Cloud Access Security Broker has proven itself to be indispensible for cloud security. These days, nearly every organization has fully integrated the cloud in its day-to-day operations. This has led to a large amount of data flowing to and from the cloud, which has made it prone to various security threats. It becomes difficult for the IT department to keep a track of all the apps, cloud providers and data employees are accessing and hence, there is a need to implement a unified security control like CASB.
The classic definition of CASB is “Cloud access security brokers (CASBs) are on-premises, or cloud-based security policy enforcement points, placed between cloud service consumers and cloud service providers to combine and interject enterprise security policies as the cloud-based resources are accessed. CASBs consolidate multiple types of security policy enforcement. Example security policies include authentication, single sign-on, authorization, credential mapping, device profiling, encryption, tokenization, logging, alerting, malware detection/prevention and so on.” Simply put, CASB acts as a gate-keeper allowing the organizations to extend the reach of their security policies beyond their own infrastructure. It ensures that network traffic between on-premises devices and the cloud provider complies with the organization’s security policies. To understand CASB better let us have a look at the four pillars of CASB:
CASB provides a clear visibility and across various cloud services which covers users, devices, applications, data and actions. It reports on what your cloud spend is and provides an insight on Shadow IT. It even provides information about the authorized/unauthorized apps that the users are accessing and how often they use it.
Most SaaS vendors fail to offer data protection tool that ensure internal and external compliance, CASB helps fill the gaps. It identifies sensitive data in the cloud and enforces DLP policies to meet data residency and compliance requirements.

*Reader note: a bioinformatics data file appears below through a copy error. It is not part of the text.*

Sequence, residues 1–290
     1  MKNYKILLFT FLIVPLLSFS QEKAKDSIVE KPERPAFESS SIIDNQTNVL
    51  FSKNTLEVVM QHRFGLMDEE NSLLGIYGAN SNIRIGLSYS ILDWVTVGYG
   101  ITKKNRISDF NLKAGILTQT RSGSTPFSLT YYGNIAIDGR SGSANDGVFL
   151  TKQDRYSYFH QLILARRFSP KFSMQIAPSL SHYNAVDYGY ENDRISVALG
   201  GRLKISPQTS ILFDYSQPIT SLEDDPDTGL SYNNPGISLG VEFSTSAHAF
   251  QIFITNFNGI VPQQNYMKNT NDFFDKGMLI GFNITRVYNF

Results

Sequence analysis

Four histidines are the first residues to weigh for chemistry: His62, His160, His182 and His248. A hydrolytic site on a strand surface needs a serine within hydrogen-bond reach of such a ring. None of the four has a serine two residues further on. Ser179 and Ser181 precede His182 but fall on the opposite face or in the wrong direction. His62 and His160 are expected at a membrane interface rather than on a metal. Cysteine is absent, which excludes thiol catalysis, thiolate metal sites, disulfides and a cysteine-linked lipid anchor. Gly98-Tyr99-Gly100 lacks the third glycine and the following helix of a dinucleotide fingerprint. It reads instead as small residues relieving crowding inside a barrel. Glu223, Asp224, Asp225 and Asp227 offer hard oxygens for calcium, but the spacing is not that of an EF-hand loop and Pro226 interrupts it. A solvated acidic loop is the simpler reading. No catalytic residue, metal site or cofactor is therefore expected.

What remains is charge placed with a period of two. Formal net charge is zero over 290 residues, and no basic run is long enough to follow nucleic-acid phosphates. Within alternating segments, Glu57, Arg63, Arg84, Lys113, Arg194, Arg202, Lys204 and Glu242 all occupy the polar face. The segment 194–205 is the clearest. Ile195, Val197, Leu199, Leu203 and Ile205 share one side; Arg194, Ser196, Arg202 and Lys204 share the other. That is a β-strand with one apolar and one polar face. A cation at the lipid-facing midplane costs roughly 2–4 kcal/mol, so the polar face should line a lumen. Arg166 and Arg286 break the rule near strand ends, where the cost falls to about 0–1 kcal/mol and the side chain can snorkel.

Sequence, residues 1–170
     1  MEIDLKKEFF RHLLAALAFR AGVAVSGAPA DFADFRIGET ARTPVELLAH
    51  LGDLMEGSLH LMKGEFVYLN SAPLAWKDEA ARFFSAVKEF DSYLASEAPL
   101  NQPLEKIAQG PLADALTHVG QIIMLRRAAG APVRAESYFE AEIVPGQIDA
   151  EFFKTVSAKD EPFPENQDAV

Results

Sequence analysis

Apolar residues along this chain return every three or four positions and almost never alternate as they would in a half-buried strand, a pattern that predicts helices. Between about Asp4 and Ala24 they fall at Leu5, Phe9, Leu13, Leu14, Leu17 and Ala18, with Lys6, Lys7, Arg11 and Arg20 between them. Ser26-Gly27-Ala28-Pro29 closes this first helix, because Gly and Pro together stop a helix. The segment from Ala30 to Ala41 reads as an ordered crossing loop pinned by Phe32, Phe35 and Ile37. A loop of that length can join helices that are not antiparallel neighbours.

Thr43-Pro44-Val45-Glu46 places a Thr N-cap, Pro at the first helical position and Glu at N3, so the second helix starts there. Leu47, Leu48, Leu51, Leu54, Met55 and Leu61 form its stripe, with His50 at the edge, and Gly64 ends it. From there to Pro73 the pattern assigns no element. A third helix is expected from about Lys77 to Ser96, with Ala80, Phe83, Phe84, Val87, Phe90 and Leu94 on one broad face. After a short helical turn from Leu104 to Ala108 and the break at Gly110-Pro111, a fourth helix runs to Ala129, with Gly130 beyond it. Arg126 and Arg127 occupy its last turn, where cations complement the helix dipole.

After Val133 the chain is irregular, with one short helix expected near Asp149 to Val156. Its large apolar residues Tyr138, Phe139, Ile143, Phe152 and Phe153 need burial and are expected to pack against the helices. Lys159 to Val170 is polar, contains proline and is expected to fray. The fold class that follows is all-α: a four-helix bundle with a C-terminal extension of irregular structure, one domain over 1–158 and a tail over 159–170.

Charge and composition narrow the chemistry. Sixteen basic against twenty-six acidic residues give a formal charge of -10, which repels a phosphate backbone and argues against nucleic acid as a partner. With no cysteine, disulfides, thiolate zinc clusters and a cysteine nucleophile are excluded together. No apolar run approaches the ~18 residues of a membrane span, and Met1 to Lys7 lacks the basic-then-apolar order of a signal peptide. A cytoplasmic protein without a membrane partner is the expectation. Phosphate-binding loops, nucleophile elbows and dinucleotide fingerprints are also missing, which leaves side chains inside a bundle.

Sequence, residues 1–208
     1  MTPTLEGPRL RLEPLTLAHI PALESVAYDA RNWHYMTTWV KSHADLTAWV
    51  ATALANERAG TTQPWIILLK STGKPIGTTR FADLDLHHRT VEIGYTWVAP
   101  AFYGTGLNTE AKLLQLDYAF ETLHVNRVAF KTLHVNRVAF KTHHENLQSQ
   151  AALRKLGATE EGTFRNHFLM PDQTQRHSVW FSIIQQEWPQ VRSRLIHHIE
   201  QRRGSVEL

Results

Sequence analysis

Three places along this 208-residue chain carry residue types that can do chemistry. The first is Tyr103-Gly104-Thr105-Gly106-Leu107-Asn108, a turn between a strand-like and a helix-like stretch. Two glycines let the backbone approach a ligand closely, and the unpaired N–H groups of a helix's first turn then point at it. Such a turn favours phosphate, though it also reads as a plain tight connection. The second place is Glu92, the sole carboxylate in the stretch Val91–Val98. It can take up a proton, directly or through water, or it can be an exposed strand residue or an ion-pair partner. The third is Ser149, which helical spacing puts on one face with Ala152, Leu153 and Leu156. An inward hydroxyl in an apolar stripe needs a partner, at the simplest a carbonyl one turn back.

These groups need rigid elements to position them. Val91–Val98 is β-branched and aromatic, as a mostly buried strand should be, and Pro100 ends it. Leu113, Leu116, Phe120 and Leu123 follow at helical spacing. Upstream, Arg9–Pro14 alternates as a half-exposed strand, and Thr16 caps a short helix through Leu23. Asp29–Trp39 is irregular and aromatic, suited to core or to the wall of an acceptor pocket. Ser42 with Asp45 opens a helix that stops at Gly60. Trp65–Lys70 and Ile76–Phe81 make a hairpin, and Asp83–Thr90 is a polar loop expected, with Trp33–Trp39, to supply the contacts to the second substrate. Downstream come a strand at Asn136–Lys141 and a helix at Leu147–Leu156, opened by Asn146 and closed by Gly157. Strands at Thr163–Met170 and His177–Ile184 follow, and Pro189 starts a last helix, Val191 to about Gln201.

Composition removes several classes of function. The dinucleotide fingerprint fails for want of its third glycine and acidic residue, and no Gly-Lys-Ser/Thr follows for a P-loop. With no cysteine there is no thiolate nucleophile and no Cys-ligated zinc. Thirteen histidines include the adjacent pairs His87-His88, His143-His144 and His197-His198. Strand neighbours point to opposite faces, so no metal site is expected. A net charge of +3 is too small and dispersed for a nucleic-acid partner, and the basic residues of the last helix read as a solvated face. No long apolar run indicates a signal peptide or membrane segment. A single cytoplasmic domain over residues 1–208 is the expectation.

3. Data Security:
CASB helps implements data-centric security policies using controls such as encrypt, alert, block, tokenize and audit. It offers contextual access control as well as data leakage prevention.
4. Threat Protection:
CASB prevents unwanted users and devices from accessing cloud services. CASB also covers User Behavioral Analysis (UBA) and Entity Behavioral Analysis (EBA) for determining anomalies in the network and threat intelligence formation.
Now, let us have a look at important use cases of CASB:
1. Prevent data exfiltration
CASB reports on sensitive data being shared publicly inside and outside an organization. It finds all the cloud apps and reports on enterprise readiness of each cloud app. It can encrypt data before upload or upon download, thus preventing any security threat.
2. Data Loss Prevention (DLP):
The risk of a data being transferred cannot be determined without the ability to monitor, identify and categorize data going into the cloud. CASB integrates with a broader set of cloud services via API to scan data flowing through the cloud.
3. Reporting and Auditing:
CASB governs your organization’s cloud usage with granular visibility and control. It can provide detailed activity logs and other reports useful for compliance auditing and forensic purposes.
4. Early threat detection:
CASB has visibility of all the cloud applications, even the one using SSL encrypted connections which helps it in early detection of threat. Its analytics help to establish usage behavior baselines from which anomalous behaviors indicative of potential threat can be detected and alerts can be generated.
With the increasing number of cloud applications and technologies being used, CASB has emerged as a critical security technology for cloud. By 2020, 85% of the employees will be using a CASB.